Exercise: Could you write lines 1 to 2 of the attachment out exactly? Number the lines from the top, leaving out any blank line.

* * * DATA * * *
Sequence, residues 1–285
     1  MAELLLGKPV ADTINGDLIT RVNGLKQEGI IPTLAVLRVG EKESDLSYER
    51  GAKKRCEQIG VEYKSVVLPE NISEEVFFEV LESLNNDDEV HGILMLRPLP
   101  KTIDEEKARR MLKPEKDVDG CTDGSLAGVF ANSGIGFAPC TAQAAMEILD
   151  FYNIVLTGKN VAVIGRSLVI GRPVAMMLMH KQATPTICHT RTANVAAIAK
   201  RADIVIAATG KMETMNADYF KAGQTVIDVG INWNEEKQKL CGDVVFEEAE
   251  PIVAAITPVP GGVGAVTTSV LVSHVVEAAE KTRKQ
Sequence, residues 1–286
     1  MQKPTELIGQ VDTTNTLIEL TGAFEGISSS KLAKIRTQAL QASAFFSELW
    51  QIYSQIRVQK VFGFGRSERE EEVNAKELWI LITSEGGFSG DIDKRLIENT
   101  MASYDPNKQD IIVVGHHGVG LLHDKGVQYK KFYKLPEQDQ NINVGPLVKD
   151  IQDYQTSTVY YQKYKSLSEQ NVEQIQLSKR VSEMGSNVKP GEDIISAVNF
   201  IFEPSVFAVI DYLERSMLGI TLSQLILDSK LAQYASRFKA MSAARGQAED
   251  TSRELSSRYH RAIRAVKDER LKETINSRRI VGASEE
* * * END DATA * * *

Sequence, residues 1–285
     1  MAELLLGKPV ADTINGDLIT RVNGLKQEGI IPTLAVLRVG EKESDLSYER